CAMBRIDGE – Empirical relationships in economics are sufficiently fragile that there is even a “law” about their failure. As British economist Charles Goodhart explained in the 1980s, “any observed statistical regularity will tend to collapse once pressure is placed upon it for control purposes.” Central banks in advanced economies have recently been providing a few more case studies confirming Goodhart’s Law, as they struggle to fulfill their promises to raise inflation to the stable plateau of their numerical targets.
Major central banks’ fixation on inflation betrays a guilty conscience for serially falling short of their targets. It also raises the risk that in fighting the last war, they will be poorly prepared for the next – the battle against too-high inflation.
Consider the United States Federal Reserve, which at the beginning of 2012 quantified its Congressional mandate of “promoting maximum employment, stable prices, and moderate long-term interest rates.” These goals would be best achieved by keeping inflation, measured by the Fed’s preferred personal consumption price index, at 2% in the long run. Since then, the four-quarter growth in that index has been below this target in every quarter but one, as Fed forecasts of inflation consistently fell short of the mark. Goodhart’s Law still has teeth.
The Fed’s solution to this failure, like that of other central banks, has been to talk more about the subject. The minutes of the January meeting of the Federal Open Market Committee (FOMC) reveal an extensive discussion among policymakers about how to determine US inflation. More than a thousand words (an enormous footprint in a normally succinct document) were required to summarize three separate staff briefings on the subject. Readers learned of alternative approaches to forecasting inflation, of the prevailing low level of inflation expectations, and of the diminished pressure that resource slack places on costs (or a less reliable Phillips’ curve). Fed officials wrung their hands about missing the target and reaffirmed their commitment to a symmetric goal of 2% inflation in the longer run.
The summary may have inadvertently revealed part of what the Fed has been getting wrong. The description of its efforts to determine inflation, with its blinkered focus on the domestic economy, is a throwback to the 1960s. Nowhere among those thousand words were the phrases “trading partners,” “the foreign exchange value of the dollar,” “commodity prices,” or “global supply chains” to be found. But the rest of the world economy exists, is bigger than it once was, and acts less like the US than it once did. All of this implies a discipline on costs in a sluggish economy and a potential accelerant in an overheated one.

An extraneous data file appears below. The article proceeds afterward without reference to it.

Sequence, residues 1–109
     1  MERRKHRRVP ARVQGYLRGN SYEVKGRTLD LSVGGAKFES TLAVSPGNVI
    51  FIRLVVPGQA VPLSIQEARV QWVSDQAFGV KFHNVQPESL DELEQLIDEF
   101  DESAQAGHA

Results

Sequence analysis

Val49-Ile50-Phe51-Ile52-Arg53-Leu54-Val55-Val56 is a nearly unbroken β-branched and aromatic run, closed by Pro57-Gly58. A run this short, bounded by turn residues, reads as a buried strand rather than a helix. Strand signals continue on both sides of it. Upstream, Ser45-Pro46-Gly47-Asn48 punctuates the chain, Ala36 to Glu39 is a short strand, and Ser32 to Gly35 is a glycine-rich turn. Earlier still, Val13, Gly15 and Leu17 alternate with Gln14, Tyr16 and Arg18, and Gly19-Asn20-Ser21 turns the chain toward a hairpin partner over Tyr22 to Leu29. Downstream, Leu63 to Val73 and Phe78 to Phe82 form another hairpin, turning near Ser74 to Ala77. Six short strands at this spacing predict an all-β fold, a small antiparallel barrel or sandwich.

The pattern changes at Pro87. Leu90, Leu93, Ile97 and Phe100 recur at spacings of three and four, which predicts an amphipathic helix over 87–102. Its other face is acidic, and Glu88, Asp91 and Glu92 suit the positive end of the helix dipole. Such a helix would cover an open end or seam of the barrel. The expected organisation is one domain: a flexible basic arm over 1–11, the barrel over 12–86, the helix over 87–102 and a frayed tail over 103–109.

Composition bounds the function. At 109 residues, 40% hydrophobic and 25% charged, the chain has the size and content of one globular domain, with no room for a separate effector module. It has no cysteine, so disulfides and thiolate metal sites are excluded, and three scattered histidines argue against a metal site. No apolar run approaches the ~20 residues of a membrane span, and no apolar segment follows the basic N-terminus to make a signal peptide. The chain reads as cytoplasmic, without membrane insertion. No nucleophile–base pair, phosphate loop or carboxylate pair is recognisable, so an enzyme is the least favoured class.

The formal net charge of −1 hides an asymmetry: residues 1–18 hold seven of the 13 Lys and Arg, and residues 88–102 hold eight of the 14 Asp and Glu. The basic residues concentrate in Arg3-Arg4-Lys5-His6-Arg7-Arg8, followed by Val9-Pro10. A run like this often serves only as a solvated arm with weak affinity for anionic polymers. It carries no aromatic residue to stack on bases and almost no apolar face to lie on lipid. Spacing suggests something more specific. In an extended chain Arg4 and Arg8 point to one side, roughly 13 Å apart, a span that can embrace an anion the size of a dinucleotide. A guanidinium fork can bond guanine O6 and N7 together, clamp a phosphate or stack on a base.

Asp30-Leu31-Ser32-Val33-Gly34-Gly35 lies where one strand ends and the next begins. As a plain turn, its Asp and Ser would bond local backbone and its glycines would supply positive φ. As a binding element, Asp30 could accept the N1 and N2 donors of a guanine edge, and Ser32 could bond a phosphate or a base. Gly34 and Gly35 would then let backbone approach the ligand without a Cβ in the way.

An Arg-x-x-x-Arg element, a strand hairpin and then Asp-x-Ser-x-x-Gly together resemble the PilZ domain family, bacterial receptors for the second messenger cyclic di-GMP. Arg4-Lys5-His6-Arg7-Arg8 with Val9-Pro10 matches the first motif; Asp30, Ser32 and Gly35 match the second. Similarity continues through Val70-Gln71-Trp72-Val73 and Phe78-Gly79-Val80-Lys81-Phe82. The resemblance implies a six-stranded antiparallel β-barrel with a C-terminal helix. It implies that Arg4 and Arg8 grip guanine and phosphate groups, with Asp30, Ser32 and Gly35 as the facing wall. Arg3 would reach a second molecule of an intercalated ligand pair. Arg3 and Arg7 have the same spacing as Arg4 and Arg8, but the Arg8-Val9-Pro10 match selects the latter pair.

As for the first observation, total US exports and imports of goods and services relative to nominal GDP (the standard international measure of openness to trade) currently stands at close to 30%. This is more than three times its average in the 40 years prior to the break-up of the managed fixed-exchange rate system, when the Phillips’ curve yielded more robust guidance. The rest of the world exists.
Second, while the US economy remains the largest in the world by most measures, comprising one-quarter of global GDP, this share is ten percentage points lower than in the 1960s, when US factories produced the most steel, autos, and aircraft in the world. Low transport and communications costs and freer trade have knitted markets more closely together, implying that this relative decline in the US share of the global economy loosens the link between domestic capacity constraints and international pricing. The rest of the world is bigger.
Third, early in the post-Bretton-Woods era, US trade was predominantly with the “Old World” of Europe, Canada, and Japan. Based on bilateral trade shares, transactions with Asian and Latin American economies caught up by 2006, and their relative trade significance for the US has more than doubled since 1972. While over-generalizations are risky, these other important trading partners have relatively larger pools of lower-wage workers to draw upon and discipline costs along the global value chain. The rest of the world is not entirely like the US.
These observations may explain why costs are sticky on the way up; but they do not imply that costs are stuck forever. With the US unemployment rate close to 4% and headed lower this year, inflation will move up, though less than the long-term record predicts. Fortunately, Fed officials are aware of the role of resource slack in driving inflation, with the January minutes noting that “estimates of the strength of those effects had diminished noticeably in recent years.”
The discussion, however, would have been more reassuring if it had included the rest of the world, in part because doing so will continue to pose a critical challenge for policymakers. A more trade-reliant economy is more sensitive to fluctuations in the foreign exchange value of its currency.
True, much of global trade is invoiced in dollars, but the Chinese renminbi is muscling into that turf, and producers ultimately care about how their revenues translate into domestic purchasing power. The upside risk to US inflation stems from that translation – the value of the dollar.
The legislative one-two punch of tax reform and spending increases puts the US federal debt on an upward path. If fiscal laxity tarnishes the safe-haven status of Treasury securities, and the monetary authority is perceived to be slow in removing policy accommodation, Fed Chair Jerome Powell and his colleagues may get more of the inflation they are hoping for.
Carmen Reinhart is Professor of the International Financial System at Harvard Kennedy School. Vincent Reinhart is Chief Economist and Macro Strategist at BNY Mellon Asset Management North America.
By Carmen M. Reinhart and Vincent Reinhart